There are several results in the literature now, stating that a classifier cannot fulfill calibration and error rate balance at the same time if there are actual differences between groups. To pick one exemplary result, Kleinberg et al. (2016) derive that the following three conditions can only be fulfilled simultaneously if there are no actual differences between the groups (copying verbatim from their paper in the following):
- Calibration within groups, i.e., for each group t, and each bin b with associated score vb, the expected number of people from group t in b who belong to the positive class should be a vb fraction of the expected number of people from group t assigned to b.
- Balance for the negative class, i.e., the average score assigned to people of group 1 who belong to the negative class should be the same as the average score assigned to people of group 2 who belong to the negative class.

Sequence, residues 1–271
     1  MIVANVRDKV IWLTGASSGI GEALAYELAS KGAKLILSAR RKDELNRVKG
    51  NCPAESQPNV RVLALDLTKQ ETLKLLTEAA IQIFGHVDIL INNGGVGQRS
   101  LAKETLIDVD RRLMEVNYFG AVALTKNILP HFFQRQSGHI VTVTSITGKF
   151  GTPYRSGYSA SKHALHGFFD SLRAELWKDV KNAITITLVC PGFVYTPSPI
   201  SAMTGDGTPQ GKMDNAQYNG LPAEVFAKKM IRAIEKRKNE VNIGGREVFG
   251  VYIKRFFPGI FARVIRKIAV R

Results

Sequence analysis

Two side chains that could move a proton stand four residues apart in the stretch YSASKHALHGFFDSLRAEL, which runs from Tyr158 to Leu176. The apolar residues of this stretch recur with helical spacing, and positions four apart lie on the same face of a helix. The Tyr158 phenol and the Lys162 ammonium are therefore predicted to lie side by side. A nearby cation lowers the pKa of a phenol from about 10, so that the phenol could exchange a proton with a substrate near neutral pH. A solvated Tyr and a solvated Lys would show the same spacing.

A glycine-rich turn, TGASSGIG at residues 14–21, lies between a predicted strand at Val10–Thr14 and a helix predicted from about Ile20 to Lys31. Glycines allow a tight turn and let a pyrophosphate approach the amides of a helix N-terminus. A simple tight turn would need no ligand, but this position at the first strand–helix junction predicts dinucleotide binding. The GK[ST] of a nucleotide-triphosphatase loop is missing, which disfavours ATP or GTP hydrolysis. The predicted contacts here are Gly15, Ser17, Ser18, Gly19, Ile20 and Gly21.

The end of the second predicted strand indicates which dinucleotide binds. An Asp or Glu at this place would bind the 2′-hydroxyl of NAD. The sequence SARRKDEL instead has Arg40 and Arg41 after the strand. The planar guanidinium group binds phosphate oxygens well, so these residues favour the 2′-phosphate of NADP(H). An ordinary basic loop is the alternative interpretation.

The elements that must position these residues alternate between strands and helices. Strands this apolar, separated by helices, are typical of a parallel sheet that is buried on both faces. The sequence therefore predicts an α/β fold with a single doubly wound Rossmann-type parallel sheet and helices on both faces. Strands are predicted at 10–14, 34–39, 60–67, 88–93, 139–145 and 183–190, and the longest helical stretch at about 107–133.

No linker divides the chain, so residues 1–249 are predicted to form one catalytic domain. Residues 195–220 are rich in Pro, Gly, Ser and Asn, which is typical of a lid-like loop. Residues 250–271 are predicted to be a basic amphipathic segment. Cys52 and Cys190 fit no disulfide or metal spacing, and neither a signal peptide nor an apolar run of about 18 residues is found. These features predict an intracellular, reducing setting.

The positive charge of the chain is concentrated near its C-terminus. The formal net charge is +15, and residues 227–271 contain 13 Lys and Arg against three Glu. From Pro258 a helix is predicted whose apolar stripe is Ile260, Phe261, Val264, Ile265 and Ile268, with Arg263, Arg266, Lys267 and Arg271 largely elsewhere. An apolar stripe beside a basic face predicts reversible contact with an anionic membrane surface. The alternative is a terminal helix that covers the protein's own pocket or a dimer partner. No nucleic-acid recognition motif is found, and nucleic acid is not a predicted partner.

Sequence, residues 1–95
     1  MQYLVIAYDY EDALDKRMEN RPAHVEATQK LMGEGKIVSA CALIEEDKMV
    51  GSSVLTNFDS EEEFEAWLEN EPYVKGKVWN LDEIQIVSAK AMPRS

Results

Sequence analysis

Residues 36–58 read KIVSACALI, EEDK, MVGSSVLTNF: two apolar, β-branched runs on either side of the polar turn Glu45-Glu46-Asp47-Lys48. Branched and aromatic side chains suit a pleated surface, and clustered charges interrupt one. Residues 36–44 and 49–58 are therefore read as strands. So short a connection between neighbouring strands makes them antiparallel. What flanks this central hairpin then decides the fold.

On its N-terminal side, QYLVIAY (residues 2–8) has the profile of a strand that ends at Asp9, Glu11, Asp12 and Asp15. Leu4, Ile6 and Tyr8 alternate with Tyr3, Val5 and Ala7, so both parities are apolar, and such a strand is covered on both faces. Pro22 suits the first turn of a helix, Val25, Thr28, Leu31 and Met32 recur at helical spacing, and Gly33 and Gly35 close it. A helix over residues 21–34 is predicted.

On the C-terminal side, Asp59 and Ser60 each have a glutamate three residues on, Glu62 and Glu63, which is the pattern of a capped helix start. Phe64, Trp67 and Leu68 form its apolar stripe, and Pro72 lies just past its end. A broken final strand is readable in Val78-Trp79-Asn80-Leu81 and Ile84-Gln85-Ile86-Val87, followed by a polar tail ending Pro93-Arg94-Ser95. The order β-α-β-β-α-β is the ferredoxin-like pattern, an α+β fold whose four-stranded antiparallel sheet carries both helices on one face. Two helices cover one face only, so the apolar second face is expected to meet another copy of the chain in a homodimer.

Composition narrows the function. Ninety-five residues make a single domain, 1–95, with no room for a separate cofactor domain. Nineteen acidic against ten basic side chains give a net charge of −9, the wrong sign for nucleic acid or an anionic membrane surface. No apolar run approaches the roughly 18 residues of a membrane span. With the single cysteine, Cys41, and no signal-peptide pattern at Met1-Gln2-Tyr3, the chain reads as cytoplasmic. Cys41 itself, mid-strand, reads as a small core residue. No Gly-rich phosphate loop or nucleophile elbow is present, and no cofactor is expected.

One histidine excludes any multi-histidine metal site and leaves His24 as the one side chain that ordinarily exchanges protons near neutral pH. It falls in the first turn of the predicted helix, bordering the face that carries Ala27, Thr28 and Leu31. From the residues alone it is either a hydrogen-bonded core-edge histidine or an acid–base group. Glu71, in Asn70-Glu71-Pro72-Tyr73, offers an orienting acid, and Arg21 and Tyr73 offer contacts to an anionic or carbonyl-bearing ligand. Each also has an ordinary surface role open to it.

- Balance for the positive class, i.e., the average score assigned to people of group 1 who belong to the positive class should be the same as the average score assigned to people of group 2 who belong to the positive class.
I can follow their derivation (and other, similar ones), but I am still missing an intuition for why I cannot have a well-calibrated classifier that achieves error rate balance in any non-trivial case? Why are these two requirements contradictory? It seems to have something to do with the fact that if the base rates differ between groups, one cannot have true positive rate, false positive rate, positive predictive value, and negative predictive value all be equal across groups. (See the Fair ML book, p. 56-57.) But it still can't wrap my head around why - intuitively - that is not possible. Maybe someone has a nice illustrative example or can otherwise provide intuition?